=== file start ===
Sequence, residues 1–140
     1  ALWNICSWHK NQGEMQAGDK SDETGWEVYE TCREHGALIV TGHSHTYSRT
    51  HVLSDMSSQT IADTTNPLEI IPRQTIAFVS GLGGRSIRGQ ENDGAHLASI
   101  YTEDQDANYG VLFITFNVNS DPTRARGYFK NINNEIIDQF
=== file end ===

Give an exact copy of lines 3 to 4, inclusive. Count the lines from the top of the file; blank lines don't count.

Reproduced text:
    51  HVLSDMSSQT IADTTNPLEI IPRQTIAFVS GLGGRSIRGQ ENDGAHLASI
   101  YTEDQDANYG VLFITFNVNS DPTRARGYFK NINNEIIDQF